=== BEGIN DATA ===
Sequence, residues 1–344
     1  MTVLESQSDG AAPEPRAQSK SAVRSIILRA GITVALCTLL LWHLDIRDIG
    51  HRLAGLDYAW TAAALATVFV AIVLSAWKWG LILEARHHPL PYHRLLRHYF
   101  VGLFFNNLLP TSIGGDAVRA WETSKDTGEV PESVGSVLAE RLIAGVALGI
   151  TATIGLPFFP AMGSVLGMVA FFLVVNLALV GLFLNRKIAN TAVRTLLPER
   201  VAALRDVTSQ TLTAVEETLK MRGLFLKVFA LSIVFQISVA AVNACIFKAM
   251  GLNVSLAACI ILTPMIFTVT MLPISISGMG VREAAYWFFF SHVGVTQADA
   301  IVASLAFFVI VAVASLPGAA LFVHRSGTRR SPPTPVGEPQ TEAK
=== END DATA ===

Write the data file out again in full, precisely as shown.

Sequence, residues 1–344
     1  MTVLESQSDG AAPEPRAQSK SAVRSIILRA GITVALCTLL LWHLDIRDIG
    51  HRLAGLDYAW TAAALATVFV AIVLSAWKWG LILEARHHPL PYHRLLRHYF
   101  VGLFFNNLLP TSIGGDAVRA WETSKDTGEV PESVGSVLAE RLIAGVALGI
   151  TATIGLPFFP AMGSVLGMVA FFLVVNLALV GLFLNRKIAN TAVRTLLPER
   201  VAALRDVTSQ TLTAVEETLK MRGLFLKVFA LSIVFQISVA AVNACIFKAM
   251  GLNVSLAACI ILTPMIFTVT MLPISISGMG VREAAYWFFF SHVGVTQADA
   301  IVASLAFFVI VAVASLPGAA LFVHRSGTRR SPPTPVGEPQ TEAK